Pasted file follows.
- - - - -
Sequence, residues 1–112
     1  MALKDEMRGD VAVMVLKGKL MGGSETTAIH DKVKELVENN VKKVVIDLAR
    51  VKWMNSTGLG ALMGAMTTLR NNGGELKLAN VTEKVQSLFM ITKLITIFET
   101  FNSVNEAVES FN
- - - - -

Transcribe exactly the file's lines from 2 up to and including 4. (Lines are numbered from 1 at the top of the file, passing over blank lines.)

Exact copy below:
     1  MALKDEMRGD VAVMVLKGKL MGGSETTAIH DKVKELVENN VKKVVIDLAR
    51  VKWMNSTGLG ALMGAMTTLR NNGGELKLAN VTEKVQSLFM ITKLITIFET
   101  FNSVNEAVES FN